December 18, 2023

Queensland MP reveals text, call with Higgins about alleged rape

By Michaela Whitbourn
Updated December 18, 2023 — 1.26pmfirst published at 9.08am
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Watch the hearing live here from 10.15am (AEDT)

A Queensland MP has given evidence in the Federal Court that Brittany Higgins told him she had been raped in Parliament House within days of the alleged assault.

“I absolutely remember the word rape. That’s not something that you forget, and she absolutely did say he had taken her back to Parliament House,” said Liberal National Party MP Sam O’Connor during his evidence in Sydney on Monday.

Brittany Higgins leaves the Federal Court last month.Credit: Rhett Wyman

O’Connor was called to give evidence by Ten as it defends a defamation suit brought against the network and journalist Lisa Wilkinson over an interview with Higgins, aired in February 2021.

The member for the state seat of Bonney said he had known Higgins for about a year when she told him in a phone call on March 29, 2019, that another Liberal Party staffer had “taken her back to Parliament House” after a night out drinking with colleagues and had raped her.

Queensland MP Sam O’Connor.

He told the court he did not know the name of the staffer at the time, but Higgins had said he had worked for the former attorney-general George Brandis and was from Toowoomba.

Lehrmann had worked for Brandis before he secured a job in the office of then defence industry minister Linda Reynolds.

The court heard that Higgins had sent O’Connor a text message before the call saying that a “super f—ed up thing happened a little while ago”.


He gave evidence that Higgins had been a “real go-getter” and “her dream job was to be a press secretary, a media adviser, in Canberra”. She “loved every minute of that role”, he said.

But O’Connor said that after the alleged assault on March 23, 2019, Higgins “absolutely was different”. She was testier, he said, and they sometimes had arguments over small things.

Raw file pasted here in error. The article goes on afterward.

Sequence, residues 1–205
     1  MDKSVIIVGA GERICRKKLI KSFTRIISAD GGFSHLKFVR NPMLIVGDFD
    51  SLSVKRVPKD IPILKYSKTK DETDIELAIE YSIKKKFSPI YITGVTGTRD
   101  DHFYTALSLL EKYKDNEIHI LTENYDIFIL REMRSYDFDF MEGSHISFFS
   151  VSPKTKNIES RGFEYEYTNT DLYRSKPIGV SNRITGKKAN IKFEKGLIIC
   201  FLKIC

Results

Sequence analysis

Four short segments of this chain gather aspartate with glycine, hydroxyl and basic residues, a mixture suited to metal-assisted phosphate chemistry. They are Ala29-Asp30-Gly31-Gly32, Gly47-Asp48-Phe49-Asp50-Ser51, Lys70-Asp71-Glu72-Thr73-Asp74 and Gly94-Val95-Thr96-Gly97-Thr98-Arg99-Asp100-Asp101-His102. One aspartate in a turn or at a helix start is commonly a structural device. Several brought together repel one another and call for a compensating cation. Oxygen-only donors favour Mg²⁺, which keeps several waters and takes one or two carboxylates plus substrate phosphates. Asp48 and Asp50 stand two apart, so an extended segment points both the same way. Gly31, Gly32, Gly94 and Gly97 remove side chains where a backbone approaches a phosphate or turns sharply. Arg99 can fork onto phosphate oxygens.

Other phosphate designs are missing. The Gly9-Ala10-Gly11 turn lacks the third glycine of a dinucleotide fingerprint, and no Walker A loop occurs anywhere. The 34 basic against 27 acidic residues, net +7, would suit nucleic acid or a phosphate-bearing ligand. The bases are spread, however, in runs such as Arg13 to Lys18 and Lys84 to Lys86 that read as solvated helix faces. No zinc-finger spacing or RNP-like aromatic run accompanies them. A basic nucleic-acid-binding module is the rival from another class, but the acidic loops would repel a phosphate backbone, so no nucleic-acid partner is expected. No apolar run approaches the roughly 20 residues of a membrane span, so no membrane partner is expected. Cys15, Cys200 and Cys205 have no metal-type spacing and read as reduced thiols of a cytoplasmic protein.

“Something had absolutely changed,” he said, and it was “more visible in person”.

‘Worked with Four Corners’

On March 20, 2021, days after The Project aired Wilkinson’s interview with Higgins on February 15, Higgins texted O’Connor: “I’ve been staying with Lisa W and [her husband, author and journalist] Peter FitzSimons in Sydney for the past few days. They’ve been so wonderful.”

O’Connor was also asked if he knew what Higgins was referring to when she suggested she had “worked with Four Corners behind the scenes to help piece it all together”.

Lisa Wilkinson and her legal team including barrister Sue Chrysanthou, SC, in the Federal Court in Sydney on Monday.Credit: Flavio Brancaleone

The court heard that the ABC’s flagship current affairs program had aired a report titled Bursting the Canberra Bubble on March 8 that year. O’Connor said he believed the text “probably” referred to that broadcast.

The evidence in the trial is expected to conclude by Wednesday, with Thursday and Friday set aside for closing submissions from the parties.

Veteran news boss ‘initially sceptical’

Later on Monday, veteran news boss Peter Meakin, who advised Ten on the Higgins interview as an editorial consultant, gave evidence that he knew the story would be legally contentious.

He said in an affidavit filed in court that he was “initially sceptical” about the story and “wanted to see what Ms Higgins said about the matter and what other evidence there was to support her claims”.

Peter Meakin outside the Federal Court in Sydney on Monday.Credit: Flavio Brancaleone

He said watching an edited version of Wilkinson’s interview with Higgins, recorded on February 2, 2021, was a factor in changing his view. Meakin agreed he did not watch the uncut two-hour interview.

“I’ve never spoken to Ms Higgins,” he said. He agreed that his view of Higgins was shaped entirely by what The Project’s producer Angus Llewellyn provided to him or told him.

The court heard that Meakin emailed Llewellyn on February 3, 2021, and said he planned to advise that approaches for comment or interviews with third parties would not be made “without the approval of Brittany”, and that in the case of political figures “it won’t be until much closer to the transmission date”.

Meakin told the court it was his intention to keep Higgins advised as part of their “duty of care to her”.


He agreed with Lehrmann’s barrister, Matthew Richardson, SC, that it would not be appropriate for Higgins as a complainant or source to “dictate” who should be contacted for comment, but he said he did not think she did.

The court heard that all requests for comment were made after about 2.30pm on Friday, February 12, 2021, and specified a deadline of 10am on Monday, February 15. The Project interview aired that night.